Jane Minor BIPOC Community Medicine Garden Plants Healing and Connection

In an effort to attract more people from marginalized communities to agricultural spaces, the Jane Minor BIPOC Community Medicine Garden serves as a sanctuary for Black, indigenous and people of color to connect with the environment and each other. 

Community herbalist Amanda David founded the Brooktondale garden on their home’s side yard three years ago. David is a longtime upstate New York resident, growing up in nearby Chemung County and moving to Tompkins County 23 years ago.

David said once they were able to buy a house with an acre and a half of land attached to it, they immediately knew they wanted to turn the land into a community resource for BIPOC individuals.

“I decided to turn that [land] into a community garden so that other folks could have access to land to steward and land to grow on and make medicine and heal and build community,” David said.

David described that while there were other places in Tompkins County for individuals to access land and learn about plants, soil and agriculture, they particularly wanted to address a shortage of BIPOC-focused gardening spaces. David found that there wasn’t a “safety and community building aspect” for BIPOC growers locally, and David wanted to be part of creating one themselves. The garden’s name stems from a heroic Black herbalist from the pre-Civil War era whose story personally inspired David.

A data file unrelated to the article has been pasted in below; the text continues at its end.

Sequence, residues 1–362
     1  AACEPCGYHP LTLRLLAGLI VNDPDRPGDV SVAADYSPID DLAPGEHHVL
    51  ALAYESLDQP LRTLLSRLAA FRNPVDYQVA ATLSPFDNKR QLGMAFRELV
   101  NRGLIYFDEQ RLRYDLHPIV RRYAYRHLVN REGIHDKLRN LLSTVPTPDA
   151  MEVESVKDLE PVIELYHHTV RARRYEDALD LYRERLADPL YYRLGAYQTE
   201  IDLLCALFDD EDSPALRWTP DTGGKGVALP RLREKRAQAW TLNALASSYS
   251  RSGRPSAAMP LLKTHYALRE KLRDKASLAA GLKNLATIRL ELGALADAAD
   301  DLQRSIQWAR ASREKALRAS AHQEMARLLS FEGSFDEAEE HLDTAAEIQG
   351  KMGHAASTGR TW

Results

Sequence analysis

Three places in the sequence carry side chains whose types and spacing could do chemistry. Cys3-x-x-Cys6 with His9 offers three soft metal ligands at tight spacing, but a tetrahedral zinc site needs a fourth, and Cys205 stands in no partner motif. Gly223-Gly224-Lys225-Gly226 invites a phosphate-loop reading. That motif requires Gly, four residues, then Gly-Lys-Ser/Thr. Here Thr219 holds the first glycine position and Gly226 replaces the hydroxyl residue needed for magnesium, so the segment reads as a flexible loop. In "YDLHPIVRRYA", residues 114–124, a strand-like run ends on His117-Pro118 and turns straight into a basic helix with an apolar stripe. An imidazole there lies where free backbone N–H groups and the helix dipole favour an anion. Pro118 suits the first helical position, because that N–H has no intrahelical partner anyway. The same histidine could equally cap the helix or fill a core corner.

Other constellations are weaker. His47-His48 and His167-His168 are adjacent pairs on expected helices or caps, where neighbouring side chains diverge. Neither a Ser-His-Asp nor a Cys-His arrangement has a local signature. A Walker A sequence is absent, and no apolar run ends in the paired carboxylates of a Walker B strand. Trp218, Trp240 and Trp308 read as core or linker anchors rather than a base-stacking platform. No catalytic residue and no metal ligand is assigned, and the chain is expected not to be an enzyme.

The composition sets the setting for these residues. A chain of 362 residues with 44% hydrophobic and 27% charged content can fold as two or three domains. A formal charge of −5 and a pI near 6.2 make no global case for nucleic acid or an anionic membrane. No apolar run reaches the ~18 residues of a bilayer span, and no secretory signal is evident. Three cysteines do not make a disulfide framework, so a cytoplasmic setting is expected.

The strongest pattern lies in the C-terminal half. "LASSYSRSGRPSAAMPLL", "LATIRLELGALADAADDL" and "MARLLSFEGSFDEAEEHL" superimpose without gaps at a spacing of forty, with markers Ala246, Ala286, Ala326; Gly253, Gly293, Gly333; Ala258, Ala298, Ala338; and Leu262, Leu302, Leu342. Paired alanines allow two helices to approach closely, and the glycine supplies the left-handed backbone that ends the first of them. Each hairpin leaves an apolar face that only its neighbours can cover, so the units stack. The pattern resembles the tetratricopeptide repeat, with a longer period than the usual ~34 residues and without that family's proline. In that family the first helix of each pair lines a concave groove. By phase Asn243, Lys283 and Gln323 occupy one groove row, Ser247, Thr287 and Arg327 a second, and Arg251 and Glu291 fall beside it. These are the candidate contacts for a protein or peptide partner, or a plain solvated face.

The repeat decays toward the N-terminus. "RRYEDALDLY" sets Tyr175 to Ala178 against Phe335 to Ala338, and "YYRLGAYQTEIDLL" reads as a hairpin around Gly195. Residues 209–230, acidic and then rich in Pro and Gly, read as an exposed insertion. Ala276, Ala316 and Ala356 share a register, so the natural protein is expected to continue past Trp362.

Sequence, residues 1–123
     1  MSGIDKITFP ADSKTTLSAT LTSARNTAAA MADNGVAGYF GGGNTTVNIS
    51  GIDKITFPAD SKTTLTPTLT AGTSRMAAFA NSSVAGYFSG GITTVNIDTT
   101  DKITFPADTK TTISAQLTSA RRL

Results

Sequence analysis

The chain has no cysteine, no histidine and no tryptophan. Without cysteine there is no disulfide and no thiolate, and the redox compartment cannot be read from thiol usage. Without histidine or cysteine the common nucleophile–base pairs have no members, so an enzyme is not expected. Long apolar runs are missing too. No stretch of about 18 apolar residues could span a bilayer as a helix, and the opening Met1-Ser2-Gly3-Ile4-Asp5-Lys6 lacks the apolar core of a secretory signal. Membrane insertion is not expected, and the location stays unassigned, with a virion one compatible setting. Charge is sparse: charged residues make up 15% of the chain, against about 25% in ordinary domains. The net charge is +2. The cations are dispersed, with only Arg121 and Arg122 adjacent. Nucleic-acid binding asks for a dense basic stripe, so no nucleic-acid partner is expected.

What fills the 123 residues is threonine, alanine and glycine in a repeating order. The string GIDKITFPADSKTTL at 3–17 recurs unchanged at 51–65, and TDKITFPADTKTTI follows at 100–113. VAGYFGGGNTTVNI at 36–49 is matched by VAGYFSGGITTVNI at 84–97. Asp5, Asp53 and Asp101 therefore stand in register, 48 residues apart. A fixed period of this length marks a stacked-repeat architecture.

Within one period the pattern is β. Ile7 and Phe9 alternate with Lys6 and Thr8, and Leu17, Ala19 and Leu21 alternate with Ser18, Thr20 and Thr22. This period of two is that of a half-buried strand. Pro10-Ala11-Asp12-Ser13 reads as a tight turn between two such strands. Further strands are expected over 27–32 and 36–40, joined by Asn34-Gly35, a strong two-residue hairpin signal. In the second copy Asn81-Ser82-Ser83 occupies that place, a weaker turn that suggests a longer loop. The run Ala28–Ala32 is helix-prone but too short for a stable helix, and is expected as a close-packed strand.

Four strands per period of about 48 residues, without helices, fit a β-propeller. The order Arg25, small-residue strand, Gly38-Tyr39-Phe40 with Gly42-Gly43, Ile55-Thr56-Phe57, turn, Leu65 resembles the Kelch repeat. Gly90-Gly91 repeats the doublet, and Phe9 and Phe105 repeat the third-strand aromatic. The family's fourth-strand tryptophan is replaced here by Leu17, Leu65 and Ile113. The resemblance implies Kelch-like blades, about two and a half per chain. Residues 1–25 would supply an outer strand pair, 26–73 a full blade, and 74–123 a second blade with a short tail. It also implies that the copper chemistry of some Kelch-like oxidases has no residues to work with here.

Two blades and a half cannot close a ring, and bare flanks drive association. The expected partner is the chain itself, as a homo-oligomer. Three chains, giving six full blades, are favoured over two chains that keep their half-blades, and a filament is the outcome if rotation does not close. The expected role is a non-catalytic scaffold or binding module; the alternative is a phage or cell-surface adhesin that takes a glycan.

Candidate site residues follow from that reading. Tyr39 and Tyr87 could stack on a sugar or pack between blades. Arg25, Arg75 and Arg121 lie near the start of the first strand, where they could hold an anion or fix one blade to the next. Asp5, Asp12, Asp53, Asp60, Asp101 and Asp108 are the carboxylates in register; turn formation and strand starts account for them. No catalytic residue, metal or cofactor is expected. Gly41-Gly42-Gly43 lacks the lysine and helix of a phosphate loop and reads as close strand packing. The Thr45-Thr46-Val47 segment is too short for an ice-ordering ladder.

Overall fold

In the beginning, the land where the garden now sits was completely overgrown and untended, David said. Currently, the community garden includes a teaching pavilion, communal and individual beds, a community herb drying shed, a lending library of herb books and tools, a free farm-fresh egg fridge and a free herbal medicine cabinet. The garden is now surrounded by a fence which brings privacy and security and keeps animals from eating the

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